4. Daniel Fraser

    Lovely post! Am heading towards the end of Sodom and Gomorrah (first time through) and delighted someone else is reading at the same time.

    Liked by 1 person

  5. Nathaniel Parr

    Great post, I’m really happy to have found it. I found this as I was attempting to find analysis of habit in Proust, and there is surprisingly little written on it. I am in my first read of the series, currently in the sixth book, and it has been one of the most intriguing themes to me throughout. All I have been able to find written on the subject is a dissertation by one Amy Ross Loeserman, titled “Proust and the Discourse on Habit.”
    Looking forward to following your thoughts on the rest of the series.

    Liked by 1 person

    • Thanks so much, Nathaniel! So glad to find someone else who is reading Proust. I just started Volume III. Which translation are you reading?

      I am surprised that there isn’t more written on Proust’s idea of habit. It seems just as important for him as time and memory and all three are deeply intertwined.


      • Nathaniel Parr

        I’m reading the Terence Kilmartin edit of the Scott Moncrieff translation. How about you?

        Liked by 1 person

      • Yes, the same. What turned me off of the Penguin version is that they are done by different translators. I think I was right, consistency is absolutely necessary to understand these books.


      • Nathaniel Parr

        Regarding habit, Loesenberg has this to say in the abstract to her dissertation:

        “It is not by chance that habit was deeply explored in Proust’s novel or that it has been largely overlooked by the critical commentary. Historically, philosophers have paid substantial attention to habit. Habit was a focus of controversial philosophical/psychological theories in 19th century France regarding memory and consciousness, spirit and matter. Proust’s commentary was directly related to the prominent philosophical issues of his time.”

        Liked by 1 person

  6. Samuel Beckett, in his Proust (1931), goes into habit (and its relationship with memory) pretty energetically. An example (marked in the margin of my copy) —

    “The laws of memory are subject to the more general laws of habit. Habit is a compromise effected between the individual and his environment, or between the individual and his own organic eccentricities, the guarantee of a dull inviolability, the lightning-conductor of his existence. Habit is the ballast that chains the dog to his vomit. Breathing is habit. Life is habit…” (pp 18-19)

    &c &c.

    Liked by 1 person

    • Thanks so much. I’m aware of this essay but wanted to save it, and a few others on Proust, until I finish all of In Search of Lost Time.

      Liked by 1 person

      • Nathaniel Parr

        I didn’t know about the Beckett essay but I definitely want to read that. Melissa, do you have a reading list going for essays/criticism/books to read about In Search of Lost Time after you finish? I don’t have a formal list but I do have a handful of commentaries I want to read. In my view, a great part of the benefit of undertaking such a massive reading is being able to then read and understand what everyone else has said about it.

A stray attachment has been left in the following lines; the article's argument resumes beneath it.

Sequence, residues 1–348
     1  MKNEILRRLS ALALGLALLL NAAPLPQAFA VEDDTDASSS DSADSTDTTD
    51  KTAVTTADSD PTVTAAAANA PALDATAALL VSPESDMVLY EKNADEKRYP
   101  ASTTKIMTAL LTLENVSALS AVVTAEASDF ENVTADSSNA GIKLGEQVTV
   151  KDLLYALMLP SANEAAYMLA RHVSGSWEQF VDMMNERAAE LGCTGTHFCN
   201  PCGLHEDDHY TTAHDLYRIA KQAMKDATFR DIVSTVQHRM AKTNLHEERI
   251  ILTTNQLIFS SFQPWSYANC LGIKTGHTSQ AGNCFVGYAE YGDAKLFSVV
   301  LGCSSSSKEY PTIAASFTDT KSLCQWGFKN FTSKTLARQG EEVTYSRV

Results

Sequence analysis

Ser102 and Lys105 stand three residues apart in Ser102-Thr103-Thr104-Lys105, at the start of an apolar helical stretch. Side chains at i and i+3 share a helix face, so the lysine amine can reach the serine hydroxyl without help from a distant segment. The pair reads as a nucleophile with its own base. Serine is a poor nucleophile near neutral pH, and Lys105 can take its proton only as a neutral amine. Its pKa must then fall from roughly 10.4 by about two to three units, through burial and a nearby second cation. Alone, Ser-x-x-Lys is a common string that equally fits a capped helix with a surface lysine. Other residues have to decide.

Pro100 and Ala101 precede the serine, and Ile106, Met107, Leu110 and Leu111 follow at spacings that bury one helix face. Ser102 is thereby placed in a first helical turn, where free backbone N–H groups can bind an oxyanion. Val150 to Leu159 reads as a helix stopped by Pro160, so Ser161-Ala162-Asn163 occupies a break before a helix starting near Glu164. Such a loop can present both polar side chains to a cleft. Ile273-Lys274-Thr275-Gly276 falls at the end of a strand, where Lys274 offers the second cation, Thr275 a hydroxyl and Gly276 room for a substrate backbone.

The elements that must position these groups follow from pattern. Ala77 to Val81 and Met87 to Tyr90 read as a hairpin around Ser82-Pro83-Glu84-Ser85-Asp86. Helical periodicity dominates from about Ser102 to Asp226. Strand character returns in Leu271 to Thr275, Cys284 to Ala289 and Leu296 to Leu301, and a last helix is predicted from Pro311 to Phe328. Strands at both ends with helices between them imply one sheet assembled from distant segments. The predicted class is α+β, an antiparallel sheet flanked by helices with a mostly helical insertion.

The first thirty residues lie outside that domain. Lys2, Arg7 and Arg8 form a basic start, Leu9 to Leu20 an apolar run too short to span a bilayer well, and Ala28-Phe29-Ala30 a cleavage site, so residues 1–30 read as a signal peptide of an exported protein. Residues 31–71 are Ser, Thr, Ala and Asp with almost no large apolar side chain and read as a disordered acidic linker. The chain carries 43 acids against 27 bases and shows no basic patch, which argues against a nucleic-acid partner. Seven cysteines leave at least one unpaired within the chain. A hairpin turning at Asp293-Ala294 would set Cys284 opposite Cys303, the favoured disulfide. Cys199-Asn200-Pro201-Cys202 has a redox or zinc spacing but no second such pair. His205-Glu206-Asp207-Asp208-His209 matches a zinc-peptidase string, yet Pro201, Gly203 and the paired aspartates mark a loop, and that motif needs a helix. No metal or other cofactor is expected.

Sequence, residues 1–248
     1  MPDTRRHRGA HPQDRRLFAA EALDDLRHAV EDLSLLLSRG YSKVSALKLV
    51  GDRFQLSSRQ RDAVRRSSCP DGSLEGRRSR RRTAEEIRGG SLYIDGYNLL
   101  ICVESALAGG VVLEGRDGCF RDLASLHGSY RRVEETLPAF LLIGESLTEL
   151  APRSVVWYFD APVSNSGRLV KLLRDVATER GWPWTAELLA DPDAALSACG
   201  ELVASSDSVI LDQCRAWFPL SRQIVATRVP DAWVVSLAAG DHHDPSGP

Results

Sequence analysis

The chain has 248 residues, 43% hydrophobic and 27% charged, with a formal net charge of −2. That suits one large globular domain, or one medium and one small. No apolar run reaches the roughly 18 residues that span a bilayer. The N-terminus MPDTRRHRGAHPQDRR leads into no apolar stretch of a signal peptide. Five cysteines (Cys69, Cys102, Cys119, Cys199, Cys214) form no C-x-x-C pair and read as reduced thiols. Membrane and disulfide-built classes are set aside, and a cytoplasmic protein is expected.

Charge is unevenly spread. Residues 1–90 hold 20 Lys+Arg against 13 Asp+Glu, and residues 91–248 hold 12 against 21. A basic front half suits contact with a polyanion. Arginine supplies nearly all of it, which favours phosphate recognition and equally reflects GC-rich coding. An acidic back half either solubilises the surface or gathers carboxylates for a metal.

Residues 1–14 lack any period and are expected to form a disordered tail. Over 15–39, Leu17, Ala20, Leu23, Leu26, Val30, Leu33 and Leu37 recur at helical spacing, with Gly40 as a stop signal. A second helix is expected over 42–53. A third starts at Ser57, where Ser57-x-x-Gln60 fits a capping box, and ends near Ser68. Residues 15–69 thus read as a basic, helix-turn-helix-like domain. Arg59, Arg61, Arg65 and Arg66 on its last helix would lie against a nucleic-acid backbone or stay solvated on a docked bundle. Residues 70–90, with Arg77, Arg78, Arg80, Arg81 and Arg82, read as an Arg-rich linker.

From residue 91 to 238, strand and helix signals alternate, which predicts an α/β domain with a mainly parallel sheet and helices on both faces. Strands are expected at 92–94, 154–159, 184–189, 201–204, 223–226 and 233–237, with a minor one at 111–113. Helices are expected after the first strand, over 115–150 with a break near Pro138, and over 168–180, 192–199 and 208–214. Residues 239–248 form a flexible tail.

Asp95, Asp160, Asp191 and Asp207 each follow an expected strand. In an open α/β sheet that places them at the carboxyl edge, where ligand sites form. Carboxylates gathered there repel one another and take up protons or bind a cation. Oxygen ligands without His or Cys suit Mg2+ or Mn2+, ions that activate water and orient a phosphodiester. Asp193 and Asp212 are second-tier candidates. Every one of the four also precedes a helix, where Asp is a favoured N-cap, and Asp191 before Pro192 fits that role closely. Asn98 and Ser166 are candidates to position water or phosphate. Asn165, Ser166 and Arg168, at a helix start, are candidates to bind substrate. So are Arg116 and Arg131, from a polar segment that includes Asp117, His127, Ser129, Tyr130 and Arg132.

Maybe we should create a master list of interesting Proust commentary for reading after the series?

        Liked by 1 person

      • My plan was to do exactly that. I was going to do a post, when I’m done reading, of all the resources and related books, essays, etc that I’ve come across. I did the same thing with Dante last year. I also compiled a Kafka reading list after reading Stach’s biography.


  7. I want to read it again now.

    The word “habitude” is something I have trouble translating into English. We use it a lot in French, in different ways and I never found the perfect equivalent in English. I wonder if it has an impact on how Anglophones read Proust.


  8. Something else about “habitude” and “j’ai l’habitude de”.

    It’s really something we say often and as I said before, there’s no real equivalent in English. In school, they teach us to say “I’m used to doing…” and there’s also the word “routine” but when you start speaking English without thinking in French first, you realize that “I’m used to doing…” is not something you use very often. Or you’ll say “usually”.

    It’s an example of the untranslatable part of a language, I suppose. It’s a word and a concept I miss in English, like “faire plaisir” and other expressions with the word “plaisir”

    Of course, Proust managed to put the two in the same sentence 🙂 : “Le plaisir de l’Habitude est souvent plus doux encore que celui de la nouveauté.”

    About “habits”. I think that they are a blessing and a curse.

    I’ve read somewhere that employees who work in flex-offices have a lower productivity that the ones with a dedicated cubicle. Reason: the ones with flex-offices lose at least 15 min in the morning to re-create their working space whereas the others slip into their chair, reconnect with their environment and start working. Plus there’s the anxiety of not knowing where you’ll sit. Much like the Narrator’s trouble with his unknown room in Balbec.

    We need habits to function efficiently. That’s the blessing side of the coin.

    The curse side is what you pointed it out : at some point, it chains us to our quotidian and prevents us from experiencing new things.